Here’s the crux of sensory-specific satiety: it can cover as wide a swath as possible, but never include everyone. For example, you and I don’t even agree on the saltiness flavor of v1.4. So once RL goes down the flavoring path, it is already forced to go two different directions, just for the two of us.

The case for neutral-only flavor is this: Soylent going for neutral-flavor, Joylent and other companies going for flavored. Consumers have a choice.

The good news for those who want flavor-included Soylent: once RL settles on a baseline neutral-only flavor, they will (most probably) introduce other options, including flavors.


#4

I think if you’re adding a non-caloric sweetener and something benign like vanilla/vanillin or cocoa powder you’ll be okay. I’d worry about adding something like peanut butter unless you’re either trying to gain weight or modulate your caloric intake accordingly. But like @Uueerdo said, it’s really up to the consumer!

This is probably the second or third time I’ve seen flavor packs put forward, and I think the idea has merit. It could be a stepping stone to Rosa Labs eventually selling pre-flavored Soylent varieties. As someone who knows nothing about food manufacturing and packaging it seems like it would be easier to introduce additives than whole new products. I could well be wrong though!


#5

I agree, but I’ve got the same qualifications as you ( :stuck_out_tongue_winking_eye:).
While it probably wouldn’t take much more work to have several post-processing lines to flavor Soylent before packaging, I am not sure you’d get a lot of people so fond of a particular flavor to consider ordering something like “one month of cherry flavored Soylent” at a time. If they were going to the route of producing flavors, I think it’d be much more efficient to just produce flavor packs tailored for Soylent and sell them for a modest price to provide an additional revenue stream. I’d really like to try something tailored to make Soylent more accomodating to savory tastes; I’ve got sweet down pretty well (bananas, chocolate, cardamom, imitation X extract, etc…), but I don’t trust my abilities enough to shoot for something like a chili or curry flavored one.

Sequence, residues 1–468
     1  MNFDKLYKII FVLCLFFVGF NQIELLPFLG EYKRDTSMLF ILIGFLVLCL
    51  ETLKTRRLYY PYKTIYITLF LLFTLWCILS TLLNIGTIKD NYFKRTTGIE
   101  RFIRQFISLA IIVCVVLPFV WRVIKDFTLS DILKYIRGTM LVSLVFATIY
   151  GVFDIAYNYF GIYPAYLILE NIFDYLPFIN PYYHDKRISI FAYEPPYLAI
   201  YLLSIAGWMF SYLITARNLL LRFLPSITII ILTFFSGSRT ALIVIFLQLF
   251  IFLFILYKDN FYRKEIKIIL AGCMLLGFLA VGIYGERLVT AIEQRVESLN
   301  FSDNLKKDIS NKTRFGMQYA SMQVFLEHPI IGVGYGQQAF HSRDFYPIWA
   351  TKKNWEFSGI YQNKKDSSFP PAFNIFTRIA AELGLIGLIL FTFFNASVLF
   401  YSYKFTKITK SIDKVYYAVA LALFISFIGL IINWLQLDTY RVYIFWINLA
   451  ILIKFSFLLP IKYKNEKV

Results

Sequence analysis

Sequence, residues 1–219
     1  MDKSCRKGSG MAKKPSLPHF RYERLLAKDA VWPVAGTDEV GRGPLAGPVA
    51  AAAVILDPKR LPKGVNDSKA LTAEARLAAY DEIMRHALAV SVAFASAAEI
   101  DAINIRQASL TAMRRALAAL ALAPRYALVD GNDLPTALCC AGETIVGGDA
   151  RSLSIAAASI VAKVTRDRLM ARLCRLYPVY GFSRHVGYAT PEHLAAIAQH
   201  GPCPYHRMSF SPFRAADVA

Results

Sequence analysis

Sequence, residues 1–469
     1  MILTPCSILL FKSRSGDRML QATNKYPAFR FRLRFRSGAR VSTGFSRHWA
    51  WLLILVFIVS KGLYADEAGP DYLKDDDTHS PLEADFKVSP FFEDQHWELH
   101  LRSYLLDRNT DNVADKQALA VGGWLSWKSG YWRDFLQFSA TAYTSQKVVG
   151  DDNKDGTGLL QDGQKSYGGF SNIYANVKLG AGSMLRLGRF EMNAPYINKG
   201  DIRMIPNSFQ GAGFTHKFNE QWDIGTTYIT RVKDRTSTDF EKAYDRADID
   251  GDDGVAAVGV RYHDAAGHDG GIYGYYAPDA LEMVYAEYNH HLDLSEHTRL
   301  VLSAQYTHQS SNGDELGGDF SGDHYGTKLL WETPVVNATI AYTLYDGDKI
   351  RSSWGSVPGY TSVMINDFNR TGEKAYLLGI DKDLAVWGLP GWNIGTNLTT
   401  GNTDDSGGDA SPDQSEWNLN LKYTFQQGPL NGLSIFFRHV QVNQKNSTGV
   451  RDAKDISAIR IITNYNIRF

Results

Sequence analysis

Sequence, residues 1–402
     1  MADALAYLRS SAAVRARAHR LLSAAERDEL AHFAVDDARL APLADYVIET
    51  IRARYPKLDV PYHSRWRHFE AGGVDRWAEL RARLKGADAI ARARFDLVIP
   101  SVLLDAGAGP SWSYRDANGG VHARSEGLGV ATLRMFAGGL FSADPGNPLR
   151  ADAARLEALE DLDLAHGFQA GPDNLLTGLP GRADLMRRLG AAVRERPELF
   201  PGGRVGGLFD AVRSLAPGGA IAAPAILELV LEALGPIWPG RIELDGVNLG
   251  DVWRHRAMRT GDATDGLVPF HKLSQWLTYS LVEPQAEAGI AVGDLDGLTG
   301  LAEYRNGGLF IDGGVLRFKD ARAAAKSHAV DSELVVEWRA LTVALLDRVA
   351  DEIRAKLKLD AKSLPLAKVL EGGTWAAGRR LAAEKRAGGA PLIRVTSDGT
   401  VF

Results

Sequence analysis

#6

I doubt Soylent will ever be truly “neutral”. It surely isn’t neutral now. It has a very distinct odor and flavor. I think the best we can hope for is a “mild” flavor base that is easily added to for those who want something a little more exciting.

FWIW, I’m in the “not too salty” camp for 1.4.


#7

The problem is, none of those companies (from what I’ve read anyway) have gotten close to Soylent in terms of texture and taste. Granted, the only alternative soylent I’ve tried to date has been Schmilk (which I didn’t like at all despite being a big milk fan) but from talking with others and reading online, nobody has anything with as fine-grained a texture or as non-specific a flavor (prior to 1.4 that is) as Soylent.

The issue as far as I can tell is specifically the sunflower. That appears to me to be the factor that has caused all the trouble with 1.4. And sweetening it doesn’t help - it just makes it taste like sweetened burnt sunflower. I haven’t tried flavorings yet myself but again, I’m not really convinced the sunflower flavor itself can be neutralized. Would be great if someone figures out how in a way that is actually universal, but I’m not holding my breath on that one just because of how individual taste perception clear is.

“Neutral” looks really good on paper, but in practice it can never be hit for everyone because everyone’s perception of neutral is individual.


#8

Heh! I replied two days ago to you on the exact same thing. Of course they can’t hit “true neutral.” RL’s goal is to aim for a baseline neutrality that applies to the largest percentage of customers.


#9

Yeah… the sad thing about “aiming for the middle” is that everyone on either end of that spectrum gets left out in the cold. I really really really hope that doesn’t end up including us. :frowning:


#10